New Yorker critic Hilton Als talks cultural criticism and representation at CTSS event

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New Yorker critic Hilton Als talks cultural criticism and representation at CTSS event

New Yorker theatre critic Hilton Als speaks as part of Contemporary Thought Speaker Series. Als discussed the role of criticism in art.

New Yorker theatre critic Hilton Als speaks as part of Contemporary Thought Speaker Series. Als discussed the role of criticism in art.

Evan Robinson-Johnson/Daily Senior Staffer

New Yorker theatre critic Hilton Als speaks as part of Contemporary Thought Speaker Series. Als discussed the role of criticism in art.

Evan Robinson-Johnson/Daily Senior Staffer

Evan Robinson-Johnson/Daily Senior Staffer

New Yorker theatre critic Hilton Als speaks as part of Contemporary Thought Speaker Series. Als discussed the role of criticism in art.

Wilson Chapman, Reporter

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When asked how someone were to become a professional critic, New Yorker theater critic and Pulitzer Prize winner Hilton Als laughed and says it’s hard to give a simple answer.

“That’s sort of like asking how you become a professional pretzel maker,” Als said. “You have to love pretzels.”

A writer for the New Yorker since 1994 and the winner of the Pulitzer Prize for cultural criticism in 2017, Als spoke about cultural criticism, representation and being a gay black man in media at Harris Hall on Monday. The conversation was moderated by Weinberg Prof. E. Patrick Johnson and was presented by the Contemporary Thought Speaker Series.

Als said that as a young man, he never anticipated becoming a critic. His career path ended up being a way for him to retain his passion for essay-writing, despite it not being a particularly profitable form of writing. When he was starting as a professional, Als said he was mentored by older gay men in the publishing business. One of these mentors would take him to the ballet and theatre and was so impressed by Als’ remarks about the shows that he later helped Als secure his first job as a reviewer for a ballet review magazine when he was 21 years old.

While he remains best known for his role as a theater critic, Als has branched out in recent years, and has now written about a wide variety of cultural topics, including books about celebrity and pop culture figures. His book “White Girls” was released in 2013.

Als said that he approaches every piece of criticism he produces as a learning experience to expand his worldview, and that he looks at every medium the same way so as not to sacrifice the sensibility he brings to cultural writing.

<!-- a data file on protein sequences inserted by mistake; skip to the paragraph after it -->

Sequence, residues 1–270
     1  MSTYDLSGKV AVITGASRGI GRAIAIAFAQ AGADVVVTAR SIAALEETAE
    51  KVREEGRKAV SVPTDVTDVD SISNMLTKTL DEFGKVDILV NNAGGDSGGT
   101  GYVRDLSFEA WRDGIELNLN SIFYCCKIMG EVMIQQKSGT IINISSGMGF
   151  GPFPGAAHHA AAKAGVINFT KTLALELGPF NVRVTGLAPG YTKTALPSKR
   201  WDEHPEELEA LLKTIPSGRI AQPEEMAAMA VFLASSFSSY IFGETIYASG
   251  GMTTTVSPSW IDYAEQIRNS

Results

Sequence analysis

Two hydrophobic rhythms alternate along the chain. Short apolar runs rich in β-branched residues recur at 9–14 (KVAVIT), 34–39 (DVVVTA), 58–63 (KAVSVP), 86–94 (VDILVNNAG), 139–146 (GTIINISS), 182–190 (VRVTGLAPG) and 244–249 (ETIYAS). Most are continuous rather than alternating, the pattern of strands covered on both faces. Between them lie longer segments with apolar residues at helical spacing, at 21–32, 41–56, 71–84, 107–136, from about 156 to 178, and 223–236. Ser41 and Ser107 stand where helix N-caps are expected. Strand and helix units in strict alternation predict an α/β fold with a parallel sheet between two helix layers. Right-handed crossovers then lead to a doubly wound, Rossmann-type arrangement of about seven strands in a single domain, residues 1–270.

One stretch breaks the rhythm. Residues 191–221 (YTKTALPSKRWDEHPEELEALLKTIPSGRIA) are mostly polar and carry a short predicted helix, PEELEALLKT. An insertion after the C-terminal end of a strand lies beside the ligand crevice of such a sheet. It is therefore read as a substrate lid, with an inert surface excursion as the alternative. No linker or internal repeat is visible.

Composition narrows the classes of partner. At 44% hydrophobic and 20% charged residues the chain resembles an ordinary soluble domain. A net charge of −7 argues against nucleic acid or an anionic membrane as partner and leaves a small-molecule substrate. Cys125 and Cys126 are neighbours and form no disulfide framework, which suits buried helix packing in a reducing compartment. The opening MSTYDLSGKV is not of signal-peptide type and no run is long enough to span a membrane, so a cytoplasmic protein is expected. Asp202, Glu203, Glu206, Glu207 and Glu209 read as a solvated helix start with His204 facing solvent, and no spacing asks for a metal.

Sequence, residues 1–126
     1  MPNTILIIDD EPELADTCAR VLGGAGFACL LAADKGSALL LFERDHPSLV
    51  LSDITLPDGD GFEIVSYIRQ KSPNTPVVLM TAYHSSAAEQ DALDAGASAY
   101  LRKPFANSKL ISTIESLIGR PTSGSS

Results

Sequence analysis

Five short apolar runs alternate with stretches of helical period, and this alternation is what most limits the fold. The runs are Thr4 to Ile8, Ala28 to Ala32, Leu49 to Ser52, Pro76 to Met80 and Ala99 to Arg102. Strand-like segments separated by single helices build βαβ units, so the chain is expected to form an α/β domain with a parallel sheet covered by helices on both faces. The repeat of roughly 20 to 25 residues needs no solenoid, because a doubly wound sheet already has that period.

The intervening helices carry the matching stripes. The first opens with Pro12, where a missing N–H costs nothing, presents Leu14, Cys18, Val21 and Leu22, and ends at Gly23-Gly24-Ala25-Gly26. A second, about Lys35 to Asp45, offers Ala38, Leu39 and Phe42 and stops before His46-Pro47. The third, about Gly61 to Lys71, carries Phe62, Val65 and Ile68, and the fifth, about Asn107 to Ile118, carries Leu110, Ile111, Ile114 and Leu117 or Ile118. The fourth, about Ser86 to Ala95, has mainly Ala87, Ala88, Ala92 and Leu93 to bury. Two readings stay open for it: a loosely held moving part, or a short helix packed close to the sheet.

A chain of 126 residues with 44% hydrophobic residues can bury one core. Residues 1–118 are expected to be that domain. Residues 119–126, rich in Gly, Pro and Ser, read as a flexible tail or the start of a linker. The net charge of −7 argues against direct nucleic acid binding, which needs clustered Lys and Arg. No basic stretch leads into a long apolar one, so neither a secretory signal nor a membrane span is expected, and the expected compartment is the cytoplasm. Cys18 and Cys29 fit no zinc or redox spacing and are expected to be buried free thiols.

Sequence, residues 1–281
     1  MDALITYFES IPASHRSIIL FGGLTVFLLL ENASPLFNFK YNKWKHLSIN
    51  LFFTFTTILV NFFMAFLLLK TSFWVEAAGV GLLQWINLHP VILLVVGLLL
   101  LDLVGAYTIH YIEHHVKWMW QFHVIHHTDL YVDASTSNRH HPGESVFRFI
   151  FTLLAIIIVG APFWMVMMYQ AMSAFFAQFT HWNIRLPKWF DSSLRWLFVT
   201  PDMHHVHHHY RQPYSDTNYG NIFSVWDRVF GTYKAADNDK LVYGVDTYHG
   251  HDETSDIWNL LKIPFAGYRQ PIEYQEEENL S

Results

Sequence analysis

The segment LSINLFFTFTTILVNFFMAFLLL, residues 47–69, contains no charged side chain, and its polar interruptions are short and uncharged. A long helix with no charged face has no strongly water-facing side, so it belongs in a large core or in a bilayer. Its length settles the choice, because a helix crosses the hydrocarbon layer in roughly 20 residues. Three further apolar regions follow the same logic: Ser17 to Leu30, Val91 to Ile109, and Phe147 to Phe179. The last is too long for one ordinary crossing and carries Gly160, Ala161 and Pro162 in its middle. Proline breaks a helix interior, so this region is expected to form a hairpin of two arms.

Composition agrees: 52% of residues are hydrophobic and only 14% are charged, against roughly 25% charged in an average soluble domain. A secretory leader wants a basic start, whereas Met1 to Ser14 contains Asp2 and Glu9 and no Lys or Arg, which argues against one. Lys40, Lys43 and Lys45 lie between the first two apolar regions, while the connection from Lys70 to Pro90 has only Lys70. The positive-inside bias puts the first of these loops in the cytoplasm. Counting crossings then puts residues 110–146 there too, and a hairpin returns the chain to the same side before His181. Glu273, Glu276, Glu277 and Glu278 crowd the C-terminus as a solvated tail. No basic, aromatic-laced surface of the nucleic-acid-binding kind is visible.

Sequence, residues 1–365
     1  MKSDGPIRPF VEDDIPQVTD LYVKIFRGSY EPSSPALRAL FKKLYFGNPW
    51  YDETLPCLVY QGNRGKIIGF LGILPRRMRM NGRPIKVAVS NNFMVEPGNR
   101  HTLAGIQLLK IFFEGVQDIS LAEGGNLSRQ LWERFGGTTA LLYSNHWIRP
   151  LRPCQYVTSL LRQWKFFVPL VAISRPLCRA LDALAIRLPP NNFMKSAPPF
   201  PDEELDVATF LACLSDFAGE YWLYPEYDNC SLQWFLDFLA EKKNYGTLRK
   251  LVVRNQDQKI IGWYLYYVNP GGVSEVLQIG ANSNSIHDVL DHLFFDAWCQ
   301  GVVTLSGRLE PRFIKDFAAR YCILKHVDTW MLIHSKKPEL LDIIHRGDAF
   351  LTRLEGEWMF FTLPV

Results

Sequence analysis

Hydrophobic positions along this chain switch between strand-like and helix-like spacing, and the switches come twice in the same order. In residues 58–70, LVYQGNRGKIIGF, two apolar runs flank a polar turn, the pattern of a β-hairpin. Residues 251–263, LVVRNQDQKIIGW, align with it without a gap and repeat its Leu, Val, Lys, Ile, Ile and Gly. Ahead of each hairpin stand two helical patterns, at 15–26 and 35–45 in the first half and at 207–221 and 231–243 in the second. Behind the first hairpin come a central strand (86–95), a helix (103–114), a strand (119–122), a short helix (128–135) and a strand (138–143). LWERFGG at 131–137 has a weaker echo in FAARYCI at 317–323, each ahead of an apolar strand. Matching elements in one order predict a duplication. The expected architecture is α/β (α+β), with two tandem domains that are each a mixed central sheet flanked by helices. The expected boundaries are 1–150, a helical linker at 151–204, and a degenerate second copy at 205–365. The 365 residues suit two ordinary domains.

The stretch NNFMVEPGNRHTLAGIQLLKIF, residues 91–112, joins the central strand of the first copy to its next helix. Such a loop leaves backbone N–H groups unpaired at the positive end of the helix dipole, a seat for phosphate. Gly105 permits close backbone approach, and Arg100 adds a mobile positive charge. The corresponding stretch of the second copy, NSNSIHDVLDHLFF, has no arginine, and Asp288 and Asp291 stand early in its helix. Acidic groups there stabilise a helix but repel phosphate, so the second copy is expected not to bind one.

During the event, Johnson and Als discussed the significance of Als’ position as a queer black man with a platform in a reputable publication like The New Yorker. Als said that he has tried to use his position to bring artists of color into the publication, and spotlight people and artistic movements that haven’t necessarily always gotten the recognition they deserve by majority-white publications like the one he works for. Als described himself as a trying to be a “rewarder critic” — someone who seeks out art by underrepresented populations who deserve recognition.

“As opposed to feeling targeted in a larger white institution, I wanted to turn things around and make the institution pay attention,” Als said.

Evan Robinson-Johnson/Daily Senior Staffer
Weinberg Prof. E. Patrick Johnson and Als converse in Harris Hall. Als said he uses his position at The New Yorker to bring artists of color to the publication.

According to CTSS co-president and Medill junior Amanda Gordon, CTSS wanted to bring Als to campus because its members admired him for his unique voice as a cultural critic. His commitment to diversity and representation in the newsroom is admirable and important to discuss, Gordon said, especially at a school like Northwestern.

“(Bringing in more voices of color) is a really important thing that we need to talk about in the media,” Gordon said. “And of course Northwestern has a huge journalism community. The Medill community is so vibrant here, that I think those conversations are particularly salient here.”

Als said while he never felt lonely as a minority in the newsroom, and he was proud of how digital media has brought in more and more diverse young writers. But to this day, he still feels that there is work to be done. Als mentioned that when he gets complimentary tickets from PR people outside theaters, many of them treat him with trepidation.

“There’s still that,” Als said. “That’s a drag.”

Johnson and Als discussed the impact critics have on artists and the way art is viewed, and whether or not critics should be self-aware about the power they hold over artists.

“As you know, for artists, critics are the bane of their existence,” Johnson said. “And sometimes different artists handle reviews in different ways.”

However, Als was adamant that self-awareness of one’s influence is inherently detrimental to a critic’s abilities as a writer. Als said that, even after his years of experience, he never approaches art as if he is an expert. Instead, he tries to research and read about the creators and hold a “dialogue with the artist through context,” in order to get a sense of who they are and engage with the work in a genuine manner.

“The thing that makes me happy about my criticism, in particular, is that it allows people to speak to me,” Als said. “I don’t like critics who say what the thing is and there is no room for discourse.”

Email: wilsonchapman2021@u.northwestern.edu

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